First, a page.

//maddy cha
//section e

var underlyingImage;

function preload() {
    //loads picture of friend in trash can
    var trashCan = "";
    underlyingImage = loadImage(trashCan);

function setup() {
    //tells user what to do
    text("drag mouse to start",180,height/2);

function mouseDragged(){
    //will start drawng pixel rectangles at 0
    var rX = 0;
    //will start drawing pixel rectangles in row at mouseY
    var rY = mouseY;
    var imageX = constrain(floor(rX), 0, width-1);
    var imageY = constrain(floor(rY), 0, height-1);
    //take color of image at mouseX, mouseY
    var imageColor = underlyingImage.get(imageX, imageY);
    var incriment = 10;

    if (mouseDragged){
        incriment += 10;
    //draws pixels at random width and height from 1-10
    var rWidth = random(1,10);
    var rHeight = random(1,10);
    //for loop allows for pixels to be drawn through entire width
    //rectangles are updated with new color depending on imageX and imageY
    for(var i = imageX; i < width; i++){
        imageColor = underlyingImage.get(imageX, imageY);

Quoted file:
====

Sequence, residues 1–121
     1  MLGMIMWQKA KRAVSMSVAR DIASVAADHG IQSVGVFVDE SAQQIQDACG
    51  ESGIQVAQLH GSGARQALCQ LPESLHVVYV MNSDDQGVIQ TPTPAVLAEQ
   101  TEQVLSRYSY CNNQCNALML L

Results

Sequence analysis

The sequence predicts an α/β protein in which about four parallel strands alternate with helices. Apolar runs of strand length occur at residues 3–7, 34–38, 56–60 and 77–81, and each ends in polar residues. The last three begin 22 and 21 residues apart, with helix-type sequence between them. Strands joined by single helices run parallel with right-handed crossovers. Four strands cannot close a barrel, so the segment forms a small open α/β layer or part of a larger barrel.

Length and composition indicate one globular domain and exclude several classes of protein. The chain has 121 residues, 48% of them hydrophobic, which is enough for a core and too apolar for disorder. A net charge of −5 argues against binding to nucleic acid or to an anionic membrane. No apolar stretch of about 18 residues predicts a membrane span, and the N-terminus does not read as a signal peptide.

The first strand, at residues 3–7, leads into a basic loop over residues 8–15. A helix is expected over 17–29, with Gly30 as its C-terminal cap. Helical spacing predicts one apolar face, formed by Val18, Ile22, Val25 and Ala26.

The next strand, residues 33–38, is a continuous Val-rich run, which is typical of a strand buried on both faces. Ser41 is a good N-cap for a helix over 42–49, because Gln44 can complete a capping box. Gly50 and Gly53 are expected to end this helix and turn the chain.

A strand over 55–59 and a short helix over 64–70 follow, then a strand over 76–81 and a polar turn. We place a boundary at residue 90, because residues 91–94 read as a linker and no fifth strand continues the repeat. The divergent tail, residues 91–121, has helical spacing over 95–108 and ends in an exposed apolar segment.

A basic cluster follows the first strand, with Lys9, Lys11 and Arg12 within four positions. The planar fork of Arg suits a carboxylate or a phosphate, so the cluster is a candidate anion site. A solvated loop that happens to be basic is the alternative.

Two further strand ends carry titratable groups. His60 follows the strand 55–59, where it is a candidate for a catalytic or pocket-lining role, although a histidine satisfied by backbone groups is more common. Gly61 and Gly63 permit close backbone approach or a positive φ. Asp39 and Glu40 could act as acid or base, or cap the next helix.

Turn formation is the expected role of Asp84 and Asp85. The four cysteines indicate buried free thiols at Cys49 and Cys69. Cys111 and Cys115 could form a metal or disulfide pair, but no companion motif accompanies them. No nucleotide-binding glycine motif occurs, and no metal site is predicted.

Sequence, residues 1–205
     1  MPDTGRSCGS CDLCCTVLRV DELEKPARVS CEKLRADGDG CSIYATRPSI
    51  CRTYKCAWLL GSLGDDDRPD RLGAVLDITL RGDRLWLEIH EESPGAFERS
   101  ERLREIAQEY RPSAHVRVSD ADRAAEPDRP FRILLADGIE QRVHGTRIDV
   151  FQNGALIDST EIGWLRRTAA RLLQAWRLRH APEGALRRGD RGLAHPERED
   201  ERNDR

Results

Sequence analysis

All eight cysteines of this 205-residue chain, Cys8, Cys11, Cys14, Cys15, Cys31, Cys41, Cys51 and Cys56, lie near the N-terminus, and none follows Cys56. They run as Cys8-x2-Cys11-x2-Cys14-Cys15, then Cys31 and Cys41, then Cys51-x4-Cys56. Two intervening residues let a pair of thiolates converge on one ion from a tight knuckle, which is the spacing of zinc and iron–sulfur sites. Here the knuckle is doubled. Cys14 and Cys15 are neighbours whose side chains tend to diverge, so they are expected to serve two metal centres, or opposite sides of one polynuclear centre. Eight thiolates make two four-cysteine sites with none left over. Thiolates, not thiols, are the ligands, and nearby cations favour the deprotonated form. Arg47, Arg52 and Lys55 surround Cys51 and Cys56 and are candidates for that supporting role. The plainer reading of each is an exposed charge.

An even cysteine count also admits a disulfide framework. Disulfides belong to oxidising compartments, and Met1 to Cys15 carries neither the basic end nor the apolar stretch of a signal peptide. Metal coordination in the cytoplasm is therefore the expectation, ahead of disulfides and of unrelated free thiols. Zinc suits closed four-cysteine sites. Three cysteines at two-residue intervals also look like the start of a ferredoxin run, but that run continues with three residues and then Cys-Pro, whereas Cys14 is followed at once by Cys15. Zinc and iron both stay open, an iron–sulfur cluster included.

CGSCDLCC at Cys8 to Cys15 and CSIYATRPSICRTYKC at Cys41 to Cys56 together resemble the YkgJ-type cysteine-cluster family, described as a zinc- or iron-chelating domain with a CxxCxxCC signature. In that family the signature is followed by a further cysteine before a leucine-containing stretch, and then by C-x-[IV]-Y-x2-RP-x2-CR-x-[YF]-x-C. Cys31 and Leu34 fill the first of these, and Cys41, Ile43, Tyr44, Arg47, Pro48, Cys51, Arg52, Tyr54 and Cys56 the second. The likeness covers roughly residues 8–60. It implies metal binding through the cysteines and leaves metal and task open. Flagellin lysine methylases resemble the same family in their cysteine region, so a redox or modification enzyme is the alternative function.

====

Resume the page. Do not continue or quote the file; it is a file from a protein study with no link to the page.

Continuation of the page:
For this project, I decided to use an image of my friend sitting in a trash can.

I started with a similar approach as the sample code, using rectangles at random widths and heights of the color of the background image. I decided that I wanted to display the image using the mouseDragged function, but was concerned with the issue that it would take too long for the image to appear if I had it load rectangle by rectangle. In order to combat this, I decided to load the image in the form of rows. I had issues at first with my rectangle rows all being the same color as the pixel loaded at mouseX, mouseY, but I was able to resolve this by updating the color as mouseX and mouseY updated.

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